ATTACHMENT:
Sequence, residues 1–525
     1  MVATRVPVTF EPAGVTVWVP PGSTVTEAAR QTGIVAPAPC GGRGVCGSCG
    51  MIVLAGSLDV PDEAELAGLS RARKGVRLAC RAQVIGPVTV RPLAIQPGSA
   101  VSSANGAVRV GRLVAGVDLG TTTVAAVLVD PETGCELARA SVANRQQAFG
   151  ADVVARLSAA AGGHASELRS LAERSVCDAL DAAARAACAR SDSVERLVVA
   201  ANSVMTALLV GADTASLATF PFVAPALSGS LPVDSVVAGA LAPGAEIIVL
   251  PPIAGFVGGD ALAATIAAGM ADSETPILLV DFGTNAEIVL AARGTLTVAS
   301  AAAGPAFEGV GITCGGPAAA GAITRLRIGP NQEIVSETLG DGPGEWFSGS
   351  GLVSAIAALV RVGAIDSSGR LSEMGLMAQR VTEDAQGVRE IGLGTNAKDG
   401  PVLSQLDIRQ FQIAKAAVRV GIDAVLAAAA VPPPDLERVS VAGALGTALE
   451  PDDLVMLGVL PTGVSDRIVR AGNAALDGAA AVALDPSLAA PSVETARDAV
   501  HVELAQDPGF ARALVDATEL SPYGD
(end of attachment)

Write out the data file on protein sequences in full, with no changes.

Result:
Sequence, residues 1–525
     1  MVATRVPVTF EPAGVTVWVP PGSTVTEAAR QTGIVAPAPC GGRGVCGSCG
    51  MIVLAGSLDV PDEAELAGLS RARKGVRLAC RAQVIGPVTV RPLAIQPGSA
   101  VSSANGAVRV GRLVAGVDLG TTTVAAVLVD PETGCELARA SVANRQQAFG
   151  ADVVARLSAA AGGHASELRS LAERSVCDAL DAAARAACAR SDSVERLVVA
   201  ANSVMTALLV GADTASLATF PFVAPALSGS LPVDSVVAGA LAPGAEIIVL
   251  PPIAGFVGGD ALAATIAAGM ADSETPILLV DFGTNAEIVL AARGTLTVAS
   301  AAAGPAFEGV GITCGGPAAA GAITRLRIGP NQEIVSETLG DGPGEWFSGS
   351  GLVSAIAALV RVGAIDSSGR LSEMGLMAQR VTEDAQGVRE IGLGTNAKDG
   401  PVLSQLDIRQ FQIAKAAVRV GIDAVLAAAA VPPPDLERVS VAGALGTALE
   451  PDDLVMLGVL PTGVSDRIVR AGNAALDGAA AVALDPSLAA PSVETARDAV
   501  HVELAQDPGF ARALVDATEL SPYGD